Jesus’ goal is always to bring people into a true awareness of who He is and why He has come to the earth. Before the conversation can proceed, Jesus must instill faith in this young man, that the Good Teacher he is seeking instruction from, is in fact—God. Immediately after this, Jesus asks the young man if he knows the commandments that deal with relationships between people:
Luke 18:20 You know the commandments: “Do not commit adultery, Do not murder, Do not steal, Do not bear false witness, Honor your father and your mother.”
The young man answers that he has kept these five commandments.
Luke 18:21 And he said, “All these things I have kept from my youth.”
The young man had kept the laws of God that deal with people, but he was deficient in keeping the other commandments which speak of our relationship with God: To worship no other person or thing above God. The material possessions that this rich young ruler had were more important to him than his relationship with the Lord.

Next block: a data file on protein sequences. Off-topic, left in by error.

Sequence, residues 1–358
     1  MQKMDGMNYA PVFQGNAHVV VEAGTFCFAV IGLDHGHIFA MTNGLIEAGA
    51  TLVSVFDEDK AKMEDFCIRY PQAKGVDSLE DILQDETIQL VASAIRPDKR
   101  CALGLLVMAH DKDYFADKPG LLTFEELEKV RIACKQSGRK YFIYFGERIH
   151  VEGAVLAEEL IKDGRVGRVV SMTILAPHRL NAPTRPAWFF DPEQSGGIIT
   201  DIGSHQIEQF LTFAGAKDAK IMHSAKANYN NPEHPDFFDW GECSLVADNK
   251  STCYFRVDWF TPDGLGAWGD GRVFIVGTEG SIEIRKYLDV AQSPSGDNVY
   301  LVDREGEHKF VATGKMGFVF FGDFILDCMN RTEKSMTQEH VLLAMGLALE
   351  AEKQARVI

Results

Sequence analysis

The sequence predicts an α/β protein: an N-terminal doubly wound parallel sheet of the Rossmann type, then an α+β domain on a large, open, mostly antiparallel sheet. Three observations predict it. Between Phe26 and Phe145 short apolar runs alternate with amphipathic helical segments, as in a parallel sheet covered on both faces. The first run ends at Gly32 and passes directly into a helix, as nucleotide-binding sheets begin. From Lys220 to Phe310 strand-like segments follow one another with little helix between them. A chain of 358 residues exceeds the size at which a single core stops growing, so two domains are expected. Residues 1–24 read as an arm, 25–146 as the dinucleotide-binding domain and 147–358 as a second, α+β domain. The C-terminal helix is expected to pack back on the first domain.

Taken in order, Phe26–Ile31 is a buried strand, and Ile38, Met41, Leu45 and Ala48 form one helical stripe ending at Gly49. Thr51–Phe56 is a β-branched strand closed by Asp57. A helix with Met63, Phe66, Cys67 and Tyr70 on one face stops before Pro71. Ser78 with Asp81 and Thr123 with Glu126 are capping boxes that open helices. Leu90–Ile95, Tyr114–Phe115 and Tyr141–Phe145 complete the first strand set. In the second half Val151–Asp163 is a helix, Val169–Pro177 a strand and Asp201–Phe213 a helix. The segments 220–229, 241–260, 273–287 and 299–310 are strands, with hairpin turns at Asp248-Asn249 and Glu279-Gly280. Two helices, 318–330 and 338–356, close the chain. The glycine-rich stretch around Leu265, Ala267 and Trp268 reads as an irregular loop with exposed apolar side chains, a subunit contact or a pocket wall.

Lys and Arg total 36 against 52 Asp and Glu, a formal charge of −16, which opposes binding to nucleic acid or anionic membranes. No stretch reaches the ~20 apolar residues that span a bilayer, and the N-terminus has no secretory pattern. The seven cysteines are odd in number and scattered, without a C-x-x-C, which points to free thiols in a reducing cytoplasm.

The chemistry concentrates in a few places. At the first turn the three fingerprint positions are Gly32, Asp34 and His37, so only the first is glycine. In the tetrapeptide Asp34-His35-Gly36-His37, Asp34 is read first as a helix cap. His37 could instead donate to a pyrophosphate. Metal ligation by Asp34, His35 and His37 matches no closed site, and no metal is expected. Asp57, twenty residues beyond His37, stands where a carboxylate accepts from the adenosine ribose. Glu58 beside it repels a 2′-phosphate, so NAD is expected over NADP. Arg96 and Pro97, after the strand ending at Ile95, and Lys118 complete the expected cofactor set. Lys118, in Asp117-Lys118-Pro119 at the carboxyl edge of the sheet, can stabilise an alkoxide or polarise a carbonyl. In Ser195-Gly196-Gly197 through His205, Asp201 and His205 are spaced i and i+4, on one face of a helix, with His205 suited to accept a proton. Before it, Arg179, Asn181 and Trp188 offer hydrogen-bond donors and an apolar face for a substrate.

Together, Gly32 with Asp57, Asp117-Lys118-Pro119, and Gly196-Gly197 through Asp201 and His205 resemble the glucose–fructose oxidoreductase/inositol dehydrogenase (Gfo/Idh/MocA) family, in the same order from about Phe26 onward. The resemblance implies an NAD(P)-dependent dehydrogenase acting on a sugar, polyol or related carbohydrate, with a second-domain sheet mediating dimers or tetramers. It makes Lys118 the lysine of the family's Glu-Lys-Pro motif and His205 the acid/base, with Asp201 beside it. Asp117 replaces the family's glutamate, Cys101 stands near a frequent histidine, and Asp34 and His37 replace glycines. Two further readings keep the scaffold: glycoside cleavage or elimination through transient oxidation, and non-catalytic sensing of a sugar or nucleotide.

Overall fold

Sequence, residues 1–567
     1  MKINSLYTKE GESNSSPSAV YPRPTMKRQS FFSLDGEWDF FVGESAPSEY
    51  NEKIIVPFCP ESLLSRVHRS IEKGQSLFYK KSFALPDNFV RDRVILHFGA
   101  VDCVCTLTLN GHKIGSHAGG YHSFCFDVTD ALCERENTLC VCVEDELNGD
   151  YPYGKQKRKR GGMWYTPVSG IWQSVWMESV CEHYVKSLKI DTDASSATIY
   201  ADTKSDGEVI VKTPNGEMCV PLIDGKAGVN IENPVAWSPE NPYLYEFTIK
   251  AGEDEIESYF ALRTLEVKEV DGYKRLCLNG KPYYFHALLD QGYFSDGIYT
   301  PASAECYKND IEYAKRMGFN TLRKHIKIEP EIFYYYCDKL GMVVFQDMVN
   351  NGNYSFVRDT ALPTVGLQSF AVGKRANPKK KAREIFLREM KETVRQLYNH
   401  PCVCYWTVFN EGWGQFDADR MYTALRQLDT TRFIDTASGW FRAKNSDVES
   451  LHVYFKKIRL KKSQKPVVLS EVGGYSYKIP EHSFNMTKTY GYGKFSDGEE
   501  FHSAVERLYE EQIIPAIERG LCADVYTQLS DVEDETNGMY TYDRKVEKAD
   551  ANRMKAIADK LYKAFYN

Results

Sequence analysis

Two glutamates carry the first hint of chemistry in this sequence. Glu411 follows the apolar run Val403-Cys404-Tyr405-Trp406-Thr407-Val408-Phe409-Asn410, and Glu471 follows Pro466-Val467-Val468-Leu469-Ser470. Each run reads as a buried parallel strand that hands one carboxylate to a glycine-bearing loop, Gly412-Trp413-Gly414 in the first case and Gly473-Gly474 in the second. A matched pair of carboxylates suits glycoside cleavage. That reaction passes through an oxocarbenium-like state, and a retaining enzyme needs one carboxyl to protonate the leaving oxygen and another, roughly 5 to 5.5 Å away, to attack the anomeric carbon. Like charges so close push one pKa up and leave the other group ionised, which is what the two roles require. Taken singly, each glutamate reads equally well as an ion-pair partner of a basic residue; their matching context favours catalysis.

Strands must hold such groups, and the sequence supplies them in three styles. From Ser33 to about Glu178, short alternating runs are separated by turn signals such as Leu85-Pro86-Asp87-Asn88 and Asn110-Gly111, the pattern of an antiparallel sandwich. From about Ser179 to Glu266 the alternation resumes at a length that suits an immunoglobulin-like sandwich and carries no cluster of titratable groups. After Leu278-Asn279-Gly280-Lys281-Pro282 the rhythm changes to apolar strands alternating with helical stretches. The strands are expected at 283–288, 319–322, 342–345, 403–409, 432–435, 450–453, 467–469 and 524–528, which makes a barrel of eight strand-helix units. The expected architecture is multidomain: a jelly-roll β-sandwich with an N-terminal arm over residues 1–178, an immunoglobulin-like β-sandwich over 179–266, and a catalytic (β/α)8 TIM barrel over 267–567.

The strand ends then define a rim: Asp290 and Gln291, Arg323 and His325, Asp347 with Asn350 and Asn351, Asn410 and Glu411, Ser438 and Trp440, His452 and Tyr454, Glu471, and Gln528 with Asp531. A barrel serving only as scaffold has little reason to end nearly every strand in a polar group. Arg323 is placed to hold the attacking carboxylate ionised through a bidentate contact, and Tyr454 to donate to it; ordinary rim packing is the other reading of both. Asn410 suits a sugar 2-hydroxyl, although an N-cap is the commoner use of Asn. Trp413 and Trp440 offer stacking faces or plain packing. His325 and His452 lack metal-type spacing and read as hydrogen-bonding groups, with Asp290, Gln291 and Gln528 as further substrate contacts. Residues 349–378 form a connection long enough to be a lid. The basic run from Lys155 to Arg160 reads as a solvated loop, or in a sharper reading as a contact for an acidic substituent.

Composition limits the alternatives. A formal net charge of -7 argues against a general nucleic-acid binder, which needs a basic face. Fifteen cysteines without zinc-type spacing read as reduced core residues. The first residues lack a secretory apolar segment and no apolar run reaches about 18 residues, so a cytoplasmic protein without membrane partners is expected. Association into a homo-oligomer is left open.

Luke 18:22 So when Jesus heard these things, He said to him, “You still lack one thing (to worship only God). Sell all that you have and distribute to the poor, and you will have treasure in heaven; and come, follow Me.”
The young man worshipped and adored the great wealth that he possessed, above God. This had to change, or eternal life was impossible. By requesting that the young man go and sell all that he has, Jesus is giving the young ruler an opportunity to change his priorities—from worshipping things to worshipping God.